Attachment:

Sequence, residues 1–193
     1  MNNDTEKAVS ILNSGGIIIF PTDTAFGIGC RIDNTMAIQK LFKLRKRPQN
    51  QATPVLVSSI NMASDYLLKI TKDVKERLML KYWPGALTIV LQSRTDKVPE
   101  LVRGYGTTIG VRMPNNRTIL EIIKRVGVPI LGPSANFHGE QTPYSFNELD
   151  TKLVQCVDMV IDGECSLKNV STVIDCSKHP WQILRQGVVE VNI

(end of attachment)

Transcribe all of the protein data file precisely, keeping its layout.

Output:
Sequence, residues 1–193
     1  MNNDTEKAVS ILNSGGIIIF PTDTAFGIGC RIDNTMAIQK LFKLRKRPQN
    51  QATPVLVSSI NMASDYLLKI TKDVKERLML KYWPGALTIV LQSRTDKVPE
   101  LVRGYGTTIG VRMPNNRTIL EIIKRVGVPI LGPSANFHGE QTPYSFNELD
   151  TKLVQCVDMV IDGECSLKNV STVIDCSKHP WQILRQGVVE VNI